During the past year I’ve been on a one man crusade that has led to nowhere and has accomplished nothing. The goal of that crusade is for (Beaufort County) Commissioners to lobby the legislature for stronger drug laws and tougher sentences for those who profit from the sale of drugs. This effort is aimed at punishing, not the user, but those who benefit from the sale of illegal drugs. Illegal drugs are not limited to those that are illegally manufactured, or substances that are grown or imported from other countries. They include opioid manufactured by drug companies that find their way to those who do not have a prescription for their use. Marijuana is included in my definition of illegal drugs. Once again, I am not going after the user but the seller.
My conversations with Judges all end about the same way. The summary statement is something like “If you make the penalty severe enough, they will stop selling illegal drugs.” The solution to our drug problems seems to be just that simple. There are very few drug sales in countries that have severe penalties. Most of these countries have had huge drug problems at some time or the other. They solved their problem by imposing long mandatory jail sentences or even the death penalty. It worked; they do not have drug problems like the United States has.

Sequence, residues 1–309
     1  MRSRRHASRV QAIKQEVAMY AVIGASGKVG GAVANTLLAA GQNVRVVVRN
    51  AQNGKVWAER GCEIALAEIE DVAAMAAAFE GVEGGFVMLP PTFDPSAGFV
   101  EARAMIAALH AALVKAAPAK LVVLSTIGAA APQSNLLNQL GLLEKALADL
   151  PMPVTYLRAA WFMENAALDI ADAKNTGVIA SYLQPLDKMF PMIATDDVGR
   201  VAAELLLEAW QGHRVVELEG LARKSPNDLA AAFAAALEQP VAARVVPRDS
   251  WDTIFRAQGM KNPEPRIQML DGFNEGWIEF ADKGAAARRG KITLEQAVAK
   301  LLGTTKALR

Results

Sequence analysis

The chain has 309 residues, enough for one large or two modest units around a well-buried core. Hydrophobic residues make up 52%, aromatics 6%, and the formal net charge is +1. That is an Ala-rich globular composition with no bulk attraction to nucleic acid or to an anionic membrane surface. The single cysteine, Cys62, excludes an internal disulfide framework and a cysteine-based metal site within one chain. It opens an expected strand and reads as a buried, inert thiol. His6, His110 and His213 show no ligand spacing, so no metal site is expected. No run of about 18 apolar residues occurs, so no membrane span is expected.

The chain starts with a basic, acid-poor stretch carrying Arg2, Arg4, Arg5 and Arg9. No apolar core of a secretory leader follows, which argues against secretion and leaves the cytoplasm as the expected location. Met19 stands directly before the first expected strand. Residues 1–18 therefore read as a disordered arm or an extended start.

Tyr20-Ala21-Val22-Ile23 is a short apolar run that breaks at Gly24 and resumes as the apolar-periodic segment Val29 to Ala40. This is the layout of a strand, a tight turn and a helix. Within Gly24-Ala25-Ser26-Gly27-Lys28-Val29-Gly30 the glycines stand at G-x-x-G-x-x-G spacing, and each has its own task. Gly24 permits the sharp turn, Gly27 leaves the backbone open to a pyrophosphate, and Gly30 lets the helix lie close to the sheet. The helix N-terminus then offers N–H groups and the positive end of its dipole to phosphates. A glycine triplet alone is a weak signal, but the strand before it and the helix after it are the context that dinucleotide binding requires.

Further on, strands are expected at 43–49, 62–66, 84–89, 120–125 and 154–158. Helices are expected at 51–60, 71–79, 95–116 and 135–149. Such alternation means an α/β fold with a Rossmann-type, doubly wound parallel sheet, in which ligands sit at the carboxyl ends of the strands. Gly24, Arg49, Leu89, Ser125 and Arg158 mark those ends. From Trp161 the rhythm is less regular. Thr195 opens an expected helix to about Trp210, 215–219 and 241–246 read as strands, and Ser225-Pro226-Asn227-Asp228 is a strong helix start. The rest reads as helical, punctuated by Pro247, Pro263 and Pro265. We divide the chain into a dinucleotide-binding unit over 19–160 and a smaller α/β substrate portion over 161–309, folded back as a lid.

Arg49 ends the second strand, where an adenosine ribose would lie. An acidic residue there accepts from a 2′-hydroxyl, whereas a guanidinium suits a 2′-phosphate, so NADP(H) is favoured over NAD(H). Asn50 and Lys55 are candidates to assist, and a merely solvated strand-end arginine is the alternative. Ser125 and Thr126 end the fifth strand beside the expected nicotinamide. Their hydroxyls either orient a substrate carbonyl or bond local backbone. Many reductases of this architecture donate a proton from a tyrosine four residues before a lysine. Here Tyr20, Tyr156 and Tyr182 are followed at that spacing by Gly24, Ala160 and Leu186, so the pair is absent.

Damage to our society is very large and growing. Fentanyl and opiate overdoses kill more than 100,000 Americans every year. Lives are ruined, children are not cared for, and many individuals are leading miserable lives because of the availability of illegal drugs.
Some have told me that my failure is caused by my politics. That is people will not support me because they do not like either my personality, my failure to cow-tow to certain people or my willingness to cling to a cause. That makes sense until one realizes there at least one hundred million other Americans who could pick up my crusade and be successful.
Is it because it is beneath our dignity, our self worth, our self importance in the world, what our friends and acquaintances may think of us if we were to take up this crusade?